Do some underpaid public officials and greedy politicians take money from developers to look the other way?
Do fish swim?
The result of such official larceny can be tragedy. A horrible example is Grenfell Tower, where 71 London residents died on June 14, last year.
Gas pipes were not insulated – bare invitation to sparks. No sprinklers were installed. The gravest defect was the Tower’s deadly cladding, according to The Guardian newspaper, which reported:
The Reynobond PE (polyethylene) panels selected over the Reynobond FR (fire resistant) panels were £2 cheaper per square meter. The aluminum-composite panels, which have a core made of the flammable plastic polyethylene, were installed as part of a recent overhaul of the 24-story tower near Notting Hill. The cladding was quickly identified as appearing to help to spread the fire.
The flammable panels saved contractors $2.70 per 10 3/4 square feet, just a few thousand dollars out of millions spent on the project.
The cladding is banned for such use in Britain.
The Department of Communities and Local Government, which oversees building regulations, said:
Cladding using a composite aluminum panel with a polyethylene core would be non-compliant with current building regulations guidance. This material should not be used as cladding on buildings over 18m in height.
Grenfell Tower renovation work was inspected 16 times by Kensington and Chelsea council. The checks failed to prevent the use of the flammable cladding. These inspections went on for nearly two years during the £10m refurbishment project between 2014 and 2016.
During this time, is it believable that no public official noticed the cladding was banned on tall buildings by the government?
Conservative-run Kensington and Chelsea council said that the first inspection took place on August 29, 2014 and the last was July 7, 2016, when a completion certificate was issued.
The revelation of deadly cladding on Grenfell Tower forced new inspections of 173 other high-rise social housing blocks also fitted with aluminum cladding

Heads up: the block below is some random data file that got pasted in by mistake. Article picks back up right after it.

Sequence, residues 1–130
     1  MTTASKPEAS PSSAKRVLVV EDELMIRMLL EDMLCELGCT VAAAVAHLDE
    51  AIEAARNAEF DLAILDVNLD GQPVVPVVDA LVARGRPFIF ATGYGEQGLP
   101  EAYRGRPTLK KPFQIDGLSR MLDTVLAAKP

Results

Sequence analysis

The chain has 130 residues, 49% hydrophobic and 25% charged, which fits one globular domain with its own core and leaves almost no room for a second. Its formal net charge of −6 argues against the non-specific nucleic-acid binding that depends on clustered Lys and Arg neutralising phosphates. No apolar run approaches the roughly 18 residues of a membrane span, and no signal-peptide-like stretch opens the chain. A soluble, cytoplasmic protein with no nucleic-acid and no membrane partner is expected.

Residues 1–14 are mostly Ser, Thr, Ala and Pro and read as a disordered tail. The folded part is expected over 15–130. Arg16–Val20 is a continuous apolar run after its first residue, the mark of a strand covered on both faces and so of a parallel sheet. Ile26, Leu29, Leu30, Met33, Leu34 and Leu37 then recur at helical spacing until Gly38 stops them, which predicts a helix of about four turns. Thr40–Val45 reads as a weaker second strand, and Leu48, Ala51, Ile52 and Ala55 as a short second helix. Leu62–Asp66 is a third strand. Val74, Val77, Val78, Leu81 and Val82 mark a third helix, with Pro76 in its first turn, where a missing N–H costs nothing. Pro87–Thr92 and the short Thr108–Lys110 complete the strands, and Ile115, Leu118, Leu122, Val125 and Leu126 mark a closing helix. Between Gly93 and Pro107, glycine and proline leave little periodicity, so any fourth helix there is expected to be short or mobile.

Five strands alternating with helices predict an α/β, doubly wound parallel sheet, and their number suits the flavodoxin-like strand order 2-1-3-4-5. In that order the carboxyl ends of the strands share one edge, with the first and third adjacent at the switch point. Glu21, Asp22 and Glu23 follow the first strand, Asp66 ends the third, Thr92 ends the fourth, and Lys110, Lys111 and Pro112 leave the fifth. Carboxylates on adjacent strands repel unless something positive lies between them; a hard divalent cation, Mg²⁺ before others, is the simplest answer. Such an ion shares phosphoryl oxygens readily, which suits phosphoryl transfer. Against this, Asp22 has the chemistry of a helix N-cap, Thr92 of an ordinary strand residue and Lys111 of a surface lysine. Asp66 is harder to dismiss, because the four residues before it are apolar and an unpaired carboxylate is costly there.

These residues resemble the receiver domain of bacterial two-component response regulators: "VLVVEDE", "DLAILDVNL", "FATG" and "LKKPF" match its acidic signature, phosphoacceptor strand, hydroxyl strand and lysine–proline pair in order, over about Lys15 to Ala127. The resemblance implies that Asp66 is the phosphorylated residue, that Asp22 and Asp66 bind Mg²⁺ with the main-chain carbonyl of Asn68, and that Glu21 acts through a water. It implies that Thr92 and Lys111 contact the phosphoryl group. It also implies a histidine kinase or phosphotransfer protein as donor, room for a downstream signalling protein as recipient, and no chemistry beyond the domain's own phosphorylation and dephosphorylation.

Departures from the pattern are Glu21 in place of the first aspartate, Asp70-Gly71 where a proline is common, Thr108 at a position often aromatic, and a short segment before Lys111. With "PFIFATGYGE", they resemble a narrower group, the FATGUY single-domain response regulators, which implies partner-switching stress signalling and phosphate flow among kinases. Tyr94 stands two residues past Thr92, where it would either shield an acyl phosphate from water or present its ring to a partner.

In September the government reported that only eight passed building regulations connected to fire safety.
Communities secretary Sajid Javid said tests carried out by the Building Research Establishment (BRE) found 165 of the blocks with unsafe cladding.
Judith Blakeman, a local Labour councilor, who represents Grenfell residents, said:
This raises the question of whether the building regulations officers were sufficiently competent, and did they know what they were looking at. It also begs a question about what they were actually shown? Was anything concealed from them?
In 2012, designers Studio E Architects proposed fire-retardant cladding, but the product that was eventually supplied for the Grenfell Tower works had the flammable polyethylene core.
This has led to a “far-reaching” criminal probe, involving about 250 investigators, and led by Scotland Yard, to examin how the fire started, how it spread, and how the building was managed and maintained, its fire safety measures and details of the refurbishment.
What happened to the Grenfell residents forced from their apartments?
Politicians nearly never fail to amaze.
To the ire of taxpayers, Javid said that 68 “affordable” furnished flats, previously planned as part of a luxury apartment complex in the richer part of the borough, are being made available.
These flats are in a complex where prices start at £1.6m ($2.17m). They were bought from the developer, St Edward.
The Corporation of London will run them as part of its social housing stock. Some public housing in London may now be the best in the world, and most expensive to provide.